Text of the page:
Send to

Choose Destination
ACS Chem Biol. 2013 Sep 20;8(9):1900-6. doi: 10.1021/cb400369u. Epub 2013 Jul 5.

Lipo-chitooligosaccharidic symbiotic signals are recognized by LysM receptor-like kinase LYR3 in the legume Medicago truncatula.

Author information

INRA , Laboratoire des Interactions Plantes-Microorganismes (LIPM), UMR441, 31326 Castanet-Tolosan, France.


While chitooligosaccharides (COs) derived from fungal chitin are potent elicitors of defense reactions, structurally related signals produced by certain bacteria and fungi, called lipo-chitooligosaccharides (LCOs), play important roles in the establishment of symbioses with plants. Understanding how plants distinguish between friend and foe through the perception of these signals is a major challenge. We report the synthesis of a range of COs and LCOs, including photoactivatable probes, to characterize a membrane protein from the legume Medicago truncatula. By coupling photoaffinity labeling experiments with proteomics and transcriptomics, we identified the likely LCO-binding protein as LYR3, a lysin motif receptor-like kinase (LysM-RLK). LYR3, expressed heterologously, exhibits high-affinity binding to LCOs but not COs. Homology modeling, based on the Arabidopsis CO-binding LysM-RLK AtCERK1, suggests that LYR3 could accommodate the LCO in a conserved binding site. The identification of LYR3 opens up ways for the molecular characterization of LCO/CO discrimination.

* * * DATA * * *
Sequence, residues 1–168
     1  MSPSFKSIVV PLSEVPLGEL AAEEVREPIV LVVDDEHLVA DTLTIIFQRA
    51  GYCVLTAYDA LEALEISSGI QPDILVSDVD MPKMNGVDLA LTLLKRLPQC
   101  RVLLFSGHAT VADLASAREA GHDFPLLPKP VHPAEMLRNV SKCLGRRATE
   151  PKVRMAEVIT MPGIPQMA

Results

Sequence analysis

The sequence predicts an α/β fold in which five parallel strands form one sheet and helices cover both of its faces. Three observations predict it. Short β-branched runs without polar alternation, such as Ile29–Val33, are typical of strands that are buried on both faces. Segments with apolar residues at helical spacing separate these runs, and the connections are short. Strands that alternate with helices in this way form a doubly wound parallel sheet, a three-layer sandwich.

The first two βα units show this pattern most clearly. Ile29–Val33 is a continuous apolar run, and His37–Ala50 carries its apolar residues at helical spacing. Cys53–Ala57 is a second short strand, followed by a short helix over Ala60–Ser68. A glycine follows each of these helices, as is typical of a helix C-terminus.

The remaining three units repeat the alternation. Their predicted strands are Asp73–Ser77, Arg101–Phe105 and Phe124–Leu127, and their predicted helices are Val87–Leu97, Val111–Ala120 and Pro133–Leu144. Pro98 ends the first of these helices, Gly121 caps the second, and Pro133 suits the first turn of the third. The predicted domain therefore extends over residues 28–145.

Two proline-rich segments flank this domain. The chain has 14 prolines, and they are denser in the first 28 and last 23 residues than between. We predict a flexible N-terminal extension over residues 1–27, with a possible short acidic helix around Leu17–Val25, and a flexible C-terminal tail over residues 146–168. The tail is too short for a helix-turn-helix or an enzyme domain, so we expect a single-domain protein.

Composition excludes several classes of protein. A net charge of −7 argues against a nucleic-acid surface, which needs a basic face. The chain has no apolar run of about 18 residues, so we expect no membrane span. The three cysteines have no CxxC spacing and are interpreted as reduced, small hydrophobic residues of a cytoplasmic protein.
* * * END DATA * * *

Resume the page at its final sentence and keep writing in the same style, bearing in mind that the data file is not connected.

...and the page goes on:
[Indexed for MEDLINE]

Supplemental Content

Full text links

Icon for American Chemical Society
Loading ...
Support Center